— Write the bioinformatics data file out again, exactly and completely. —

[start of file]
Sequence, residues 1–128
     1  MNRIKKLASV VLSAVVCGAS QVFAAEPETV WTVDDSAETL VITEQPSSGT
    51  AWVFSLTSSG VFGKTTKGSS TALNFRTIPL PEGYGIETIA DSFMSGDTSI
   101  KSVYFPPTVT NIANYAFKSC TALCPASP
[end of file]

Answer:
Sequence, residues 1–128
     1  MNRIKKLASV VLSAVVCGAS QVFAAEPETV WTVDDSAETL VITEQPSSGT
    51  AWVFSLTSSG VFGKTTKGSS TALNFRTIPL PEGYGIETIA DSFMSGDTSI
   101  KSVYFPPTVT NIANYAFKSC TALCPASP